This video from England says about itself:
31 January 2015
By Peter Lazenby in Britain:
Monday 2nd February 2015
Miners launch fight for Britain’s last three collieries
MORE than 500 miners, ex-miners, their families and supporters took to the streets in Yorkshire to launch what they called “the last throw of the dice” for Britain’s deep coalmining industry.
The campaign to save the country’s last three collieries was launched on Saturday at Kellingley colliery in Yorkshire where local MPs — including shadow home secretary Yvette Cooper — joined National Union of Mineworkers (NUM) officials to brief the media on the campaign.
Union banners of Kellingley and Hatfield collieries in Yorkshire, and Thoresby in Nottinghamshire, were raised at the town hall in Knottingley to head a march to a social club built with cash raised by Kellingley miners.
Supporters of the campaign to save the three pits came from across Britain including representatives of former mining communities in south Wales, Scotland, north-east England and the Midlands.
All three collieries, the remnants of a once mighty industry, face closure this year unless the coalition government provides “bridging” funding to enable the pits to establish new faces.
UK Coal, which owns Kellingley and Thoresby, says that unless the funding is found in the next few weeks the two will close.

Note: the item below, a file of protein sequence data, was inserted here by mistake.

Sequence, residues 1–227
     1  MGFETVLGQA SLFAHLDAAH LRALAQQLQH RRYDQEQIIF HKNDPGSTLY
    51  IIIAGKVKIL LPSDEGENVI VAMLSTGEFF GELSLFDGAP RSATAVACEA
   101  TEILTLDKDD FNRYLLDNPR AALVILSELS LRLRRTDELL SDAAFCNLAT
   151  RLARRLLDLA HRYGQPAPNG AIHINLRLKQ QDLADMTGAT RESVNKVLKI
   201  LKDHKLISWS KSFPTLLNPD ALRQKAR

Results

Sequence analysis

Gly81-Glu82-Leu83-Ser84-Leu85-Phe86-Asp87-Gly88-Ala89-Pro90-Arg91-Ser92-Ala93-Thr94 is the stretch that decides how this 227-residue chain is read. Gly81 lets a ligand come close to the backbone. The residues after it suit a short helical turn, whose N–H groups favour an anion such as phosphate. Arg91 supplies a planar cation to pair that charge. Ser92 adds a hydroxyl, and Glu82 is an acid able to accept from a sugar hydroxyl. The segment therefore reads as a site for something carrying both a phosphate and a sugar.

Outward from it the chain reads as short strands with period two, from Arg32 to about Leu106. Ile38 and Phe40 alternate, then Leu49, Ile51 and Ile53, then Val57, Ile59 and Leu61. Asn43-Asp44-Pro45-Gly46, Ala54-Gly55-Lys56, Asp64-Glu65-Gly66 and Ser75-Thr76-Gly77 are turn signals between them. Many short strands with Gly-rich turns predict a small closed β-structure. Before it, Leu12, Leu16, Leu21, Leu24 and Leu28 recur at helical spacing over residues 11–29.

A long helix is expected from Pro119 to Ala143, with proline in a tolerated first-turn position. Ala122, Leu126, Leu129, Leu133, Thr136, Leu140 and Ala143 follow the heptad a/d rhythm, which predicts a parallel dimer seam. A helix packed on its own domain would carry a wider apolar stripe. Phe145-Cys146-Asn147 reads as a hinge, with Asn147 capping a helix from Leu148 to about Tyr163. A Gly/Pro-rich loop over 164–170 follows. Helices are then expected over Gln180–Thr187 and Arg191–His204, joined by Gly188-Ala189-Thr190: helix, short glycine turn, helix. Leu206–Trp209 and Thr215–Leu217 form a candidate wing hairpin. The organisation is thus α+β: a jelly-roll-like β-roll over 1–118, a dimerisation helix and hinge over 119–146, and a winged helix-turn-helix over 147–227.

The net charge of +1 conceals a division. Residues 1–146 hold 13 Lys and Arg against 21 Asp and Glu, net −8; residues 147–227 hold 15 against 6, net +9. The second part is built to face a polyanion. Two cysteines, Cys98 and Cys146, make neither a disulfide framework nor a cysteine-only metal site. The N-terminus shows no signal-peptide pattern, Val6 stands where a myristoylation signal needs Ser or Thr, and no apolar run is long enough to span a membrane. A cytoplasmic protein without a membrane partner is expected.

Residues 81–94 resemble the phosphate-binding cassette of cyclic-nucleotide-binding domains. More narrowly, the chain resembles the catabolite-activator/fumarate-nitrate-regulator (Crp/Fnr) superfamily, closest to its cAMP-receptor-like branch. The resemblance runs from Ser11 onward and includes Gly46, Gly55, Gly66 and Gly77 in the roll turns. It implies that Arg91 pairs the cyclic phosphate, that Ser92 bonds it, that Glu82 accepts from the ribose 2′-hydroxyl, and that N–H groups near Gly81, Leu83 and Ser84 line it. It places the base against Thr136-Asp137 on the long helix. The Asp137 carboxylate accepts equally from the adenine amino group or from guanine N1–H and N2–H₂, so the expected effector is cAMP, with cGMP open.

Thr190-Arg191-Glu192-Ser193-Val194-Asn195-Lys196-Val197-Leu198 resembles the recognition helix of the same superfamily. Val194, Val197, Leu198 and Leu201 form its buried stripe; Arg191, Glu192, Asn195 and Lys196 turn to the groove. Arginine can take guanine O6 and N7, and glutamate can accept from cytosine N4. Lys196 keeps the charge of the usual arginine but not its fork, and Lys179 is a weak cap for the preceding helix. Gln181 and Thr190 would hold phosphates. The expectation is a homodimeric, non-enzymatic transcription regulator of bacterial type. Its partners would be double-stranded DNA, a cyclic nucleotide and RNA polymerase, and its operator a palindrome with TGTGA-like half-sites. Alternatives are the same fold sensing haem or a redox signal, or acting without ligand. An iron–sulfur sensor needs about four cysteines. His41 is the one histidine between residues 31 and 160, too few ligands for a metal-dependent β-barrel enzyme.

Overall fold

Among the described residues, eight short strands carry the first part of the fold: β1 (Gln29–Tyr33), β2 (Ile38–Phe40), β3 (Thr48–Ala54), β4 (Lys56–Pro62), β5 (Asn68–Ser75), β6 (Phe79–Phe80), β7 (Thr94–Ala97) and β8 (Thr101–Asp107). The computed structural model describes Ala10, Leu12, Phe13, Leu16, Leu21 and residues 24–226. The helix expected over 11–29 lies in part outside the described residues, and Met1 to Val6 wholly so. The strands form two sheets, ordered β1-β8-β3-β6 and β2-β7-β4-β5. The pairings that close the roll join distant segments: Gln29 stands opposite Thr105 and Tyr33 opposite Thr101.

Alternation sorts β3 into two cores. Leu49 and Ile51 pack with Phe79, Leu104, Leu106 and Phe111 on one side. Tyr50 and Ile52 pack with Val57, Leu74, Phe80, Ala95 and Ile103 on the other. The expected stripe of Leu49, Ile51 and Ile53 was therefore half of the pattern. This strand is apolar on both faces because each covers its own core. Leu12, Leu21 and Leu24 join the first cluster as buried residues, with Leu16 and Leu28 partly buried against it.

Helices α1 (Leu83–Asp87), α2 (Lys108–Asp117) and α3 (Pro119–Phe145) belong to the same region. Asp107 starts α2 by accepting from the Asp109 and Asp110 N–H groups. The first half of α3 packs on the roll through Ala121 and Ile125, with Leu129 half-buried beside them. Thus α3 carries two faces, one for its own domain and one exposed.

Half of Kellingley’s 500-strong workforce face redundancy in April.
The company was due to attend the meeting of MPs, union representatives and the media, but pulled out at the last moment.
Former NUM president Ian Lavery MP said intense lobbying was being carried out at Westminster, including meetings with ministers.
Yvette Cooper, MP for the former mining communities of Normanton, Pontefract and Castleford in West Yorkshire, said the next few weeks were vital if Britain’s deep coalmining industry, and the unique skills of the miners, are to survive.
But she repeatedly refused to be drawn on what policy Labour would have on the industry if it is elected in May.
After the march there was a rousing rally in the concert room at the miners’ social club.
There were stirring speeches from NUM general secretary Chris Kitchen, Ian Lavery, Mike Jackson of LGSM, Welsh MP Sian Jones, and Ms Cooper.
Bolsover’s veteran Labour MP Dennis Skinner won a standing ovation for his usual fiery performance.
But he warned the crowd that the three pits — and the industry — are “hanging by a thread.”
This 2014 video from Britain is called Pride Movie CLIP – The March (2014) – Bill Nighy, Imelda Staunton Comedy HD.
Lesbians and Gays Support the Miners — led by Young Communist League general secretary Mark Ashton, who died of HIV in 1987 — raised thousands of pounds to help mining communities in the Great Strike.
A Red Ribbon Fund was founded by Chris Birch in his memory to help people suffering from the virus.
“I was a close friend of Mark and set up the fund after his death,” Mr Birch told the Star.
“It reached £2,000, then it went up and up and up because of the film Pride and all the publicity.
“It was mainly £10, £20 and £25 donations, but then there was one of £1,000 and another of £5,000 and it is still growing.”
Yesterday, the fund stood at £15,011.81.